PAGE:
Parents’ current experiences should open the report to prioritize findings and to move the study out of the tired ‘are charter schools good or bad?’ debate.
How do parents feel about transportation, enrollment, teacher and school quality, counseling and other day-to-day understandings? Responses to these questions move readers out of the rhetorical battles between reformers and anti-reformers and place the focus squarely on what parents really think about schools.
After the pre- and post storm discussion, Through the Public’s Eyes does get to more relevant issues. For instance, 76 percent of parents believed “information about the process and available schools was definitely or somewhat sufficient compared to just 11 percent who said it was not.” These findings address the clamor on whether or not enrollment process for the highly decentralized system without attendance zones is too confusing for parents.
The enrollment process may be confusing for people new to the system, but parents learn and adapt with each new school year.
An aside – I frown at people who assume black parents can’t ever learn the enrollment system. Believe it or not, black parents do value their children’s educations, carefully weigh the options afforded to them, and they make better decisions over time.
Along racial lines, the report seems to dodge differences on critical questions. For instance, “72 percent supported open enrollment compared to 23 percent who preferred assigning students to schools based on geography alone.” This is a strong finding, but we need more data on black communities’ perspectives on school choice. Whites and middle class folk have enjoyed choice through private and magnet schools for a long time. Studies have shown that blacks who attend public schools support school choice, but there’s always rancor around the loss of the neighborhood school. By not offering a breakdown along racial lines on this issue we can’t see how black consumers differ from the general public.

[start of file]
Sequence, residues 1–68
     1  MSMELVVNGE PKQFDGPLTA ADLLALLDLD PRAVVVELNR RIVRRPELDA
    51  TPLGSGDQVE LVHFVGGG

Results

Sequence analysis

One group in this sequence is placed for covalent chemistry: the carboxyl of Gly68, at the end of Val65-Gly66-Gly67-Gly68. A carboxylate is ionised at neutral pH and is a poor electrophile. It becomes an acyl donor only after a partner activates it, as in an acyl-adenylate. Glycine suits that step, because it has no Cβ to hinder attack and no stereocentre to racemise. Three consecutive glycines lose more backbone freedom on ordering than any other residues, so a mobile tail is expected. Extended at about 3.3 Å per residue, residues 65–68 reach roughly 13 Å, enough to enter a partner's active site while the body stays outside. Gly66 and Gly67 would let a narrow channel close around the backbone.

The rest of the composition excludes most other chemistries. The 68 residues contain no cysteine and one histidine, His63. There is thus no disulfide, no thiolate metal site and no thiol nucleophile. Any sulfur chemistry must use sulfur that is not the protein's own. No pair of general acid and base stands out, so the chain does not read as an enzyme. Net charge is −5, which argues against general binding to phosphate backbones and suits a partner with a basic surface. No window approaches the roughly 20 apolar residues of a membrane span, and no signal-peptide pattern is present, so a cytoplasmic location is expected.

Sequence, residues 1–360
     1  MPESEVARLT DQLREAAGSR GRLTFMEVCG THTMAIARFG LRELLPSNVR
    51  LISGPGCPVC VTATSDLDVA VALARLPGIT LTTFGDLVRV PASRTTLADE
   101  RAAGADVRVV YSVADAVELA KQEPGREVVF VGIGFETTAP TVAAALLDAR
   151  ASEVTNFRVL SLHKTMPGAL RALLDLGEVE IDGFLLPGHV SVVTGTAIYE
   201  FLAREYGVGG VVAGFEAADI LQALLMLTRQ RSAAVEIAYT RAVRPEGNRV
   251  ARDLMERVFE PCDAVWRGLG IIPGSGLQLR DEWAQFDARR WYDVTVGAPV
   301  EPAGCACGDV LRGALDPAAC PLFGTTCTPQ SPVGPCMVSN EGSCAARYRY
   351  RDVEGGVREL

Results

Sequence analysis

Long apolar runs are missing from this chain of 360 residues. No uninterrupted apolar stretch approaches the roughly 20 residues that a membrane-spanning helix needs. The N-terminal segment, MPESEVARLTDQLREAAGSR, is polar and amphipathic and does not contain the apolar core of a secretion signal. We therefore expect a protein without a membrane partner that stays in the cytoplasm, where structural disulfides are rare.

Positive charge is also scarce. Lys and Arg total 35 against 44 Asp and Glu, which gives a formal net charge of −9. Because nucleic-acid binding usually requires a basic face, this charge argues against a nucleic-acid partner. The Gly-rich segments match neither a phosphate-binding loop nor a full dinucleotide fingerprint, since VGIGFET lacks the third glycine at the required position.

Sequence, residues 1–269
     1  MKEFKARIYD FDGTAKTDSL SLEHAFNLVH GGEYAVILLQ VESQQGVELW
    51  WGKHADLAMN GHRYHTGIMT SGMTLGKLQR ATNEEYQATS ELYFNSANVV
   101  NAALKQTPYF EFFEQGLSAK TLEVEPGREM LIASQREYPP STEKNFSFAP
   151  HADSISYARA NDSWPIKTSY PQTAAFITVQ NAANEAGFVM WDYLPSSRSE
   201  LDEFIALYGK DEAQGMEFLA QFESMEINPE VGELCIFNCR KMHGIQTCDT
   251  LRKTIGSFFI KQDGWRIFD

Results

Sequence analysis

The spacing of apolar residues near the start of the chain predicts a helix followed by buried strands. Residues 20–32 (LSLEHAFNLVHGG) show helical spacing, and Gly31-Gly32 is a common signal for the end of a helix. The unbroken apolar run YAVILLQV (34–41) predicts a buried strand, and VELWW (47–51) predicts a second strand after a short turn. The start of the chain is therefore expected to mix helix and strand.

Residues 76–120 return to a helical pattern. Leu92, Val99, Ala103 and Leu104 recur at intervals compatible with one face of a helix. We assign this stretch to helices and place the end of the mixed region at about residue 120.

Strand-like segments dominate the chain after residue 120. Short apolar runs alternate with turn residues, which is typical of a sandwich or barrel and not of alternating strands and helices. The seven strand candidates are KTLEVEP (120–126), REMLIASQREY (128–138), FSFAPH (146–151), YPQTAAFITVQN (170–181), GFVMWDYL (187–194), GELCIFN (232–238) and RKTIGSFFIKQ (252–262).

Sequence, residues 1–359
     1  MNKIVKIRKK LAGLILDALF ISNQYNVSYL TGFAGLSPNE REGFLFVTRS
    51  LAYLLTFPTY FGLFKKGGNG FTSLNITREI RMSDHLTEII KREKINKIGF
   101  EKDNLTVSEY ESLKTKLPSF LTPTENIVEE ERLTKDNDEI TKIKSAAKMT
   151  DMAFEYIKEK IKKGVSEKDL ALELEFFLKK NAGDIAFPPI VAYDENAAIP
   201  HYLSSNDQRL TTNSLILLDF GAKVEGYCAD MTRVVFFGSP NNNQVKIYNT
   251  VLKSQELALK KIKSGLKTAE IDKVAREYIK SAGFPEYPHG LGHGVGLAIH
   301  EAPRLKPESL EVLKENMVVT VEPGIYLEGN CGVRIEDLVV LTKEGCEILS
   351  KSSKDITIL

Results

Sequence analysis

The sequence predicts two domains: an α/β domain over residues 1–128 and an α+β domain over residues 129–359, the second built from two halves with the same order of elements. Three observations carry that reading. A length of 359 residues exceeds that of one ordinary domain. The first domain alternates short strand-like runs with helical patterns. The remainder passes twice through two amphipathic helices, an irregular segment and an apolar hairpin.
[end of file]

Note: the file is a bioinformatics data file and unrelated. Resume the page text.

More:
Knowing racial differences on choice is particularly important because more than 30 percent of children attend private and parochial schools in New Orleans. Sixty-five percent of the respondents said that private schools “offer better quality compared to 13 percent who said public schools do so.” Again, race matters. “Seventy-two percent of white respondents said private schools offer a better education compared to 61 percent of African-Americans. But, “80 percent of private school parents stated they had never applied for admission at a public or charter school.”
The report provides the reason why we need more focus on public school consumers’ perspectives (overwhelmingly black). We need to extract private school bias from the findings.
Through the Public’s Eyes at best offers a unsatisfying ‘glass half empty or half full’ perspective on education reform in New Orleans. The findings just don’t seem to reflect the boldness of the education reforms or the people whose opinions are a strong as sazeracs.
Once again, while progress has been made; there is still room for improvement.
[Cross-posted at The Hechinger Report]